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Union Musicians Rally for Respect and Residuals

NEW YORK, N.Y.—The arc of the musicians was long. Will it bend toward justice?

Local 802 musicians rally in front of the Ed Sullivan Theatre on Oct. 6

An arc of about 20 musicians, horn players with a few drummers mixed in formed on the sidewalk across Broadway from CBS’s Ed Sullivan Theatre Oct. 6, preparing to provide the pulse for an American Federation of Musicians march. The union is demanding that the three main television networks give the more than 6,000 musicians who play on their live shows better wages, health insurance, and residual payments from their performances being streamed on Websites such as YouTube and the networks’ platforms.

“We’re going to rock it out a bit, then repeat it,” a trombonist told the band after singing a riff. “We enhance your visuals, pay us fair residuals,” the protesters, many wearing black “#RespectUs” face masks, chanted over the run-through.

“The musicians who work on TV have been denied a raise for the last three years,” Louis Fouché, alto saxophonist in Stay Human, The Late Show with Stephen Colbert’s house band, told the rally. To qualify for health insurance, they have to work 160 episodes a year, while actors only need to work 45 episodes. And while singers, actors, and directors get residuals from streaming, he continued, “musicians get nothing”—even for clips of just the band.

“They’re happy to add our sound to everything,” said Stay Human sousaphonist Jonathan Lampley, “but for years these networks have told us that we’re literally not ‘talent.’”

Streaming is not a new issue, AFM Local 802 President Adam Krauthamer said: It first came up during the writers’ strike in 2007. “The networks have made billions of dollars in profits over the last ten years, and the musicians have seen zero,” he told the rally—to the point where musicians on late-night shows now make less than they did 35 years ago.

The networks like to show off their musicians’ racial diversity, “but they don’t want to pay,” Krauthamer added. “In 2020, it’s not fair.”

New York City Central Labor Council President Vincent Alvarez said he was perplexed when Krauthamer explained the situation to him. “I don’t get the fundamental unfairness,” he said. “They have the ability to pay.”

CBS, NBC, and ABC make more than $600 million a year in profits, said state Sen. Brad Hoylman (D-Manhattan), while late-night hosts like Colbert and ABC’s Jimmy Kimmel get paid $15 million. Rep. Jerry Nadler and City Councilmembers Keith Powers and Helen Rosenthal, all Manhattan Democrats also spoke.

None of the three networks responded to messages from LaborPress.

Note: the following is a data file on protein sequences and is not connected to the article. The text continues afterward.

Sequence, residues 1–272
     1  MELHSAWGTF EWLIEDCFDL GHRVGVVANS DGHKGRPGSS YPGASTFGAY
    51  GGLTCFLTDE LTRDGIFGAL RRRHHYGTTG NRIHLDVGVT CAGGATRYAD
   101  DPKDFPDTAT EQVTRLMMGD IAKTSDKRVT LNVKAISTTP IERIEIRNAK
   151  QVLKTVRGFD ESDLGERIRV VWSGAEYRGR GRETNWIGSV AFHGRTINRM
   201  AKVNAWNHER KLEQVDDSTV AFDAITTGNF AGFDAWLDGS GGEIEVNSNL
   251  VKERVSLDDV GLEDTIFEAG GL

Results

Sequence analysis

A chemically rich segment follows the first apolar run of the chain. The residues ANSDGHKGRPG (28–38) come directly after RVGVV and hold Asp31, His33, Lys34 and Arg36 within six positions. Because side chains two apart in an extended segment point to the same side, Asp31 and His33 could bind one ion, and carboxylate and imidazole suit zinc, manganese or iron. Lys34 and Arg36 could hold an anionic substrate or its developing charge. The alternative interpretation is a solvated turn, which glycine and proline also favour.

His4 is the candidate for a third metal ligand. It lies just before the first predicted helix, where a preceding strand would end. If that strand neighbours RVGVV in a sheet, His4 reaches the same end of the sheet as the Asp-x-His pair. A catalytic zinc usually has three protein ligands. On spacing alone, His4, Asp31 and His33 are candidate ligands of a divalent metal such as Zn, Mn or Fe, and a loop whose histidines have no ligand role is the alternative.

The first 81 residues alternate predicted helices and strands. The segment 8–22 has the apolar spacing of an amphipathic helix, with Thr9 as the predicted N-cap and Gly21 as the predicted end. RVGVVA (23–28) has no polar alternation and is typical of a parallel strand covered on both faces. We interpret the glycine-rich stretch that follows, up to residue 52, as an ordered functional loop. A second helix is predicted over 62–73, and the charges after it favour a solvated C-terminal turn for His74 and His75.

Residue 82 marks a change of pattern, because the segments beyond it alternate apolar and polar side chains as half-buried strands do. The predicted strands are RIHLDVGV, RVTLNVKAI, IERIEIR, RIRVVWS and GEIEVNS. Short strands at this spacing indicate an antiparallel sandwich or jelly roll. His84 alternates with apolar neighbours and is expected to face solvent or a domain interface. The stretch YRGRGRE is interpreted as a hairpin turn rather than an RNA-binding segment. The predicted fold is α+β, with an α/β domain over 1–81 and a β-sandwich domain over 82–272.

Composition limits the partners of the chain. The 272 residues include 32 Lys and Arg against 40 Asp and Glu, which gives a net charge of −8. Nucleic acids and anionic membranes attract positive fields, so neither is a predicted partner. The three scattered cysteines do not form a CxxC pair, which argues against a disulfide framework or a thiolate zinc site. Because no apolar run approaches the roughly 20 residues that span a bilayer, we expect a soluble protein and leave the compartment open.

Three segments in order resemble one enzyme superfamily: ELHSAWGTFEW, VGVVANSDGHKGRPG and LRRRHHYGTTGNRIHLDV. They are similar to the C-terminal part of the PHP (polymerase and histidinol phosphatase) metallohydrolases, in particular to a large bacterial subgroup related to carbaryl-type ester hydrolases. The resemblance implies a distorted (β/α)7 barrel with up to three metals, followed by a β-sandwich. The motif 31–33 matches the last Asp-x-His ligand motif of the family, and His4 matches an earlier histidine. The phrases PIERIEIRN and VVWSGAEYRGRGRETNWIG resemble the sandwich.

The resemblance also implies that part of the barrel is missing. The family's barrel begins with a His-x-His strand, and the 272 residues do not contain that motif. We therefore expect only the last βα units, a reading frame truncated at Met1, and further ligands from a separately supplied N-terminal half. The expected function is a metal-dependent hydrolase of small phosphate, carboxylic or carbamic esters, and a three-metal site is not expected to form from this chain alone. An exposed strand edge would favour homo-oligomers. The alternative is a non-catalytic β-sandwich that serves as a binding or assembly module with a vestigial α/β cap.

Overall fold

The about 100 people there then marched down Broadway toward ABC’s studio in Times Square, as the band launched into Twisted Sister’s “We’re Not GonnaTake It,” driven by massive bass notes from the four sousaphones. They segued into Herbie Hancock’s “Chameleon” as the march passed the shuttered Iridium jazz club, a picture of the late electric-guitar pioneer Les Paul next to a “Pass the HEROES Act” sticker; Ellen’s Stardust Diner, renowned for its singing servers; and the Winter Garden theater, its closed doors papered with posters for a revival of The Music Man.

The march concluded in an epidemic-emptied pedestrian plaza in Times Square. Freelance violinist Adriana Molello, wearing purple tinsel over an AFM T-shirt, said she was proud that when the networks offered a deal that would give residuals to full-time musicians but exclude freelancers, “the house bands refused.”

She told the crowd that she’s been playing for 28 years, since she was 5.

“Here I am at the top of my game, making more money for playing a goddamn wedding than for being on TV,” she said.

The pandemic has cut off virtually all live work for musicians, Louis Fouché told LaborPress after the rally. He did his first live show in seven months last weekend, at an outdoor jazz festival in Cape May, New Jersey. His only gigs other than the Colbert show had been recording sessions where he could overdub without other people being in the room.

That has crystallized musicians’ frustration, he explained. “What’s happened has really exposed just how bad things are for musicians and how exploited we are,” he says. “We decided to put this to an end.”

There’s a racial component too, he believes. Network negotiators, he says, have told musicians, “‘I know you guys want parity. That’s not going to happen.’”

“That’s literally the level of disrespect,” he adds.

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